Copying an RAII object entails copying the resource it manages, so the copying behavior of the resource determines the copying behavior of the RAII object.
We can use
tr1::shared_ptr to manage heap-based resources, as introduced in item 13. However, not all resources are heap-based, and for such resources, we need to create our own resource-managing classes to deal with a general question:
what should happen when an RAII object is copied?
Mostly, there are 4 possibal choices:
1. Prohibit copying
In some cases, it makes no sense to allow RAII objects to be copied, so we should prohibit it. As explained in item 6, we declare the copying operations
private without definition. A good example is class
Mutex, which is synchronization primitives and comes with two functions
We should not forget to unlock a
Mutex we’ve locked, and it rarely makes sense to have “copies” of synchronization privitives, so we can create an uncopyable class to manage the locks:
And we can use
Lock in the conventional RAII fashion:
2. Reference-count the underlying resource
Sometimes it’s desirable to hold on to a resource until the last object using it has been destroyed. We could implement reference-counting copying behavior by containing a
tr1::shared_ptr data member, but in some cases we may have to customize the behavior when the reference count goes to zero, for the default behavior is to call
The way we customize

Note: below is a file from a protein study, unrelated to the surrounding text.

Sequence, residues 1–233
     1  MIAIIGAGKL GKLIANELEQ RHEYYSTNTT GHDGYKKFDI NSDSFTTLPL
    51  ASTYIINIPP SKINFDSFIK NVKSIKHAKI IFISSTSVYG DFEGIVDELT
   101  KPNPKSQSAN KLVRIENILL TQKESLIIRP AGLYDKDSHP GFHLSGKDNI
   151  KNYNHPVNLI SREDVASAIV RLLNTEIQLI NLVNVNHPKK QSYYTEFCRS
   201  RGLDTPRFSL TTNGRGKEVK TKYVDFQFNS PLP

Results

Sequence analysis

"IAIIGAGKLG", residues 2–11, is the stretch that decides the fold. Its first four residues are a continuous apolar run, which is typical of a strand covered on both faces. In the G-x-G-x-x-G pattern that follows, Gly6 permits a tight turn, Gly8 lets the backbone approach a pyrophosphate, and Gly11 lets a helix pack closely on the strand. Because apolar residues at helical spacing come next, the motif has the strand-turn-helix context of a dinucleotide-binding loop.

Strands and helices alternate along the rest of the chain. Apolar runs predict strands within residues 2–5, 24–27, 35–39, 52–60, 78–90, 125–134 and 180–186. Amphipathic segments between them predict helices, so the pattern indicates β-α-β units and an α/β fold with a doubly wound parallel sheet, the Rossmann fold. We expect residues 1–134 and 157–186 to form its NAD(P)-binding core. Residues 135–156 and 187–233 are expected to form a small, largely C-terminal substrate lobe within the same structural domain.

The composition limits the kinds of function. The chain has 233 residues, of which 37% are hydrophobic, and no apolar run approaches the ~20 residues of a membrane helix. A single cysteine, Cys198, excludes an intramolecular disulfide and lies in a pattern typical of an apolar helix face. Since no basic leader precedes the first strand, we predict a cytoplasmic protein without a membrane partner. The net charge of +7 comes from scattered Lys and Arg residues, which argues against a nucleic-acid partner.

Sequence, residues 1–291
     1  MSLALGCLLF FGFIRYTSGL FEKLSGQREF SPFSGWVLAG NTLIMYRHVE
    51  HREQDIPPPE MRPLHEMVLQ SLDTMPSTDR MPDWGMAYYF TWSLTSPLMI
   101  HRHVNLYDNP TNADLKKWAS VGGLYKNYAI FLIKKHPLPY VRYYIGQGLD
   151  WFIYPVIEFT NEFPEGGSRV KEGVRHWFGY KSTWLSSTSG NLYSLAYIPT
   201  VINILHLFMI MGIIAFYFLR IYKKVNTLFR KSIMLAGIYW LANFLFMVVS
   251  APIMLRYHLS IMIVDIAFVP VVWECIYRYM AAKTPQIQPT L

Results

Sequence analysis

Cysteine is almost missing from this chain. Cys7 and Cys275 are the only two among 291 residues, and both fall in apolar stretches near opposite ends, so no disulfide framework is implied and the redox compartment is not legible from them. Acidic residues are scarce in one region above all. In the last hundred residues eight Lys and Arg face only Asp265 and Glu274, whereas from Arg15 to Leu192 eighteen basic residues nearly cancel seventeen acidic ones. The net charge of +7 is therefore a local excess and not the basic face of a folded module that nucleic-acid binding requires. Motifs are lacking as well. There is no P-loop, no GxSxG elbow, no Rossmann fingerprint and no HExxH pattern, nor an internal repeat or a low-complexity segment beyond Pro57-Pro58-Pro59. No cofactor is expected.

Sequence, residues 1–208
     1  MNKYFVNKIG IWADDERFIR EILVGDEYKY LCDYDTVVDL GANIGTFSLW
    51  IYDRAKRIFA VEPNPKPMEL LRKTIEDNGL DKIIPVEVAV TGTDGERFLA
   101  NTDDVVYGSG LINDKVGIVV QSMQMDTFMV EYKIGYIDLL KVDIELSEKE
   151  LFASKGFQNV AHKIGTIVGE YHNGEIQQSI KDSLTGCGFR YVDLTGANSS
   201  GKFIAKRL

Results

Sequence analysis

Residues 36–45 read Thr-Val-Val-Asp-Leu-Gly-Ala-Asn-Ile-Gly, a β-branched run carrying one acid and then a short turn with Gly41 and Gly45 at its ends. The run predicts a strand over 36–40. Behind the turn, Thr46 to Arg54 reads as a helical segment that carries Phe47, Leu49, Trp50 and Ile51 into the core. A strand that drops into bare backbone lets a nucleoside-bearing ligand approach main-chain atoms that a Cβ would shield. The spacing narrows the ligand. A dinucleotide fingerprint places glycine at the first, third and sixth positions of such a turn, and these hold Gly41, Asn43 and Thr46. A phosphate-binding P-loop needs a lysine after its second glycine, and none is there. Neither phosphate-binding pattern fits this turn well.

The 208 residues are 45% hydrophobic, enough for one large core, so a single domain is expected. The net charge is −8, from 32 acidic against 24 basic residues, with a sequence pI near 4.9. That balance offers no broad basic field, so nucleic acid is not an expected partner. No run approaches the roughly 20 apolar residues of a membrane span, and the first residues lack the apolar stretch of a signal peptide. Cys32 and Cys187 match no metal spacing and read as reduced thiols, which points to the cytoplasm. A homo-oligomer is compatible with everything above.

tr1::shared_ptr is to specify a “deleter” - a function or function object to be called when the reference count goes to zero (
auto_ptr does not give us this privilege), which is an optional second parameter to the
Since a class’s destructor (both user-defined ones and compilter-generated ones) automatically invokes the destructors of the class’s non-static data members, there’s no need to declare a destructor for class
Lock explicitly (item 5). We simply rely on the default compilter-generated behavior, and that’s enough.
3. Copy the underlying resource
Sometimes we want to copy the resource-managing object as well as the resource it wraps, - that is to say, we want the resourse-managing object to perform a “deep copy”. A good example is the standard
string type: in sompe implementation, a
string type object consists of a pointer to heap memory, where the charactors making up the string are stored, and a copy is made of both the pointer and the memory it points to when such an object get copied.
4. Transfer owenership of the underlying resource
On rere occasions, we wish only one RAII object refers to a raw resource and the ownership of the resource is transfered from the copied object to the copying object, as is the meaning of “copy” used by
In this situation, we may have to write our own version of copying functions (copy constructor and copy assignment operator), since the default compiler-generated ones may not do what we want. In some cases, we’ll also want to support generalized versions of copying functions, which is discussed in item 45.